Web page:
Lyon's historic Place des Terreaux (currently under [re]construction, like most of Lyon) sits in front of the Palais Saint-Pierre, the site of a former Benedictine convent and now the location of the Musée des Beaux-Arts.
Look upward, and you can see the real colour of the Place des Terreaux.
The courtyard of the former convent is now a welcoming garden for visitors to the Musée des Beaux-Arts, and itself has quite a bit of outdoor sculpture.
One of the more unusual sculptures in the courtyard is Gilliat et la pieuvre [Gilliat and the Octopus] (1879) by Joseph Carlier (1849-1927). One senses Gilliat's apprehension, no?
Inside the Musée these un-named heads are used to demonstrate bronze casting methods.
I have written in previous vacation blogs about the two-finger hand codes used by early Christians to greet each other while keeping their identity (as Christians) secret from the authorities. This elaborate glove seems to be showing this coded greeting.
On close examination (I don't recommend it) you can see that the mohel, knife in hand, is about to make the unkindest cut. This painting - Le Guerchin's La Circoncision (1646) - convinces me that every, single incident in the life of Jesus has been rendered in artwork. This one is cringeworthy. Just reading about it (Luke 2:21) would have been enough.
Another cut, this time a whole head, is a little easier (for me) to deal with, despite the anatomical detail in the giant's neck provided by the anonymous artist, believed to be Italian. The museum calls this work David rendant grâce à Dieu après la mort de Goliath [David gives thanks to God after the death of Goliath] (1803).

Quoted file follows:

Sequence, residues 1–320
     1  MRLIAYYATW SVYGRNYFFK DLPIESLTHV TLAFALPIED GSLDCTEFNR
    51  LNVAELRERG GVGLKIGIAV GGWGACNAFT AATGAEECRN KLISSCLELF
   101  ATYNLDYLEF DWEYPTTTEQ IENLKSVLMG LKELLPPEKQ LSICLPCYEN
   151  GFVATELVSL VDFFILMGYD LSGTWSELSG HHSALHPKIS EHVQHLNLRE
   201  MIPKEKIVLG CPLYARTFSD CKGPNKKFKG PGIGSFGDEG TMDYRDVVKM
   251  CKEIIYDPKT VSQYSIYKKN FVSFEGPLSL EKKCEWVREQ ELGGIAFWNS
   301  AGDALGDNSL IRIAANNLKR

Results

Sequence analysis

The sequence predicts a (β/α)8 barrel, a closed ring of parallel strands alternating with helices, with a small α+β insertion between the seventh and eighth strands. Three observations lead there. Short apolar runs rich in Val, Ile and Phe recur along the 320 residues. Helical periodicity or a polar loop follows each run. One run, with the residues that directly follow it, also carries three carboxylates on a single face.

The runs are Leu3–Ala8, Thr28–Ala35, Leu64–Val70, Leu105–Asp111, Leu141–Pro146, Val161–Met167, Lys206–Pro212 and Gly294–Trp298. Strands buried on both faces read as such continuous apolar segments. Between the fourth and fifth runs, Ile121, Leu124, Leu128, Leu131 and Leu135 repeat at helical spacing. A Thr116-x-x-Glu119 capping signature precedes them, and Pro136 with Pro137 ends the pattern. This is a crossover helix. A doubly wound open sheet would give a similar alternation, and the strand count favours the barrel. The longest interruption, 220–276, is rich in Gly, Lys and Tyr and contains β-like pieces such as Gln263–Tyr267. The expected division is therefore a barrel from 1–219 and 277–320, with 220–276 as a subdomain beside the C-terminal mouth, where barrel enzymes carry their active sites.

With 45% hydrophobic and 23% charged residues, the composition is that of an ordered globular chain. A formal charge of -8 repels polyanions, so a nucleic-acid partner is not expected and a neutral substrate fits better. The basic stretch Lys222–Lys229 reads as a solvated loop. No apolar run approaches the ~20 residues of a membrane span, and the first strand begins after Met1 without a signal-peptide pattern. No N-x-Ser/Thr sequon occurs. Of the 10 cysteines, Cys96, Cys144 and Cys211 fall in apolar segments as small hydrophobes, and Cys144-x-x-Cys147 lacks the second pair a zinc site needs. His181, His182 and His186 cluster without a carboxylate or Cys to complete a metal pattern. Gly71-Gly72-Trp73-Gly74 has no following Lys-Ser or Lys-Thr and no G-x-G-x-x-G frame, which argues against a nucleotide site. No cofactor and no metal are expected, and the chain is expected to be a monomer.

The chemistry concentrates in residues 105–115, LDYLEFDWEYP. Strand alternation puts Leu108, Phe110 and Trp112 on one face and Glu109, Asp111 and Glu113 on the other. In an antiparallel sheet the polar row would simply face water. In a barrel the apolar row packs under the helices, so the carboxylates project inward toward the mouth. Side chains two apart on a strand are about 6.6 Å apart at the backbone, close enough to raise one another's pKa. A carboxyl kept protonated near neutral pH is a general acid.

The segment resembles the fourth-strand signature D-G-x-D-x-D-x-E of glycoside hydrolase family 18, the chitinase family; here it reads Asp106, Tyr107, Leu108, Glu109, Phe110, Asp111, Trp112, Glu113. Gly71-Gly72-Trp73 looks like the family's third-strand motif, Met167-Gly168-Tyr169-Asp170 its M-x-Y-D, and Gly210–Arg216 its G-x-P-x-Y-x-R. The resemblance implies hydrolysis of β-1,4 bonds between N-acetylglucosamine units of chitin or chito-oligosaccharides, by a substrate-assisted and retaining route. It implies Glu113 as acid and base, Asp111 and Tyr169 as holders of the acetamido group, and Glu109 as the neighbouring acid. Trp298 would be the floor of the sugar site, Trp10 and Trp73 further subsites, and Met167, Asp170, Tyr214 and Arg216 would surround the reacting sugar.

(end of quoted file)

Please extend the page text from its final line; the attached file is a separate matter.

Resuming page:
Several times on this trip I came in contact with works of art depicting the struggle between Good and Evil. (Somebody trying to tell me something?) This is one such depiction, a large and complex work by Victor Orsel (1795-1850) titled Le Bien et le Mal Modello (1829). I've enlarged the small rectangle at the bottom of the work to show the personifications of the two forces. Of course, Good is White, Evil is Black, and they are arranged left (Good) to right (Evil). Later, when we get to Pisa, you'll see these arrangements again, in a monumental fresco from the XIVth century. Apparently, racial (and other) stereotypes are nothing new.
I'm all for gender equality, including all-gender restrooms, but in places where the facilities are still separated by gender (such as here in the Musée des Beaux-Arts in Lyon), the symbols on the doors could be a little easier to distinguish. At first - and second - glance, to me these are almost identical, and when you're in a hurry . . . OK, too much information. I know. Moving on.
Alessandria is an average Italian town that some railway agents in France assumed was in North Africa. (More than once, when trying to get times and itineraries from Lyon to Alessandria, their first assumption was that "you can't get to Egypt by train.")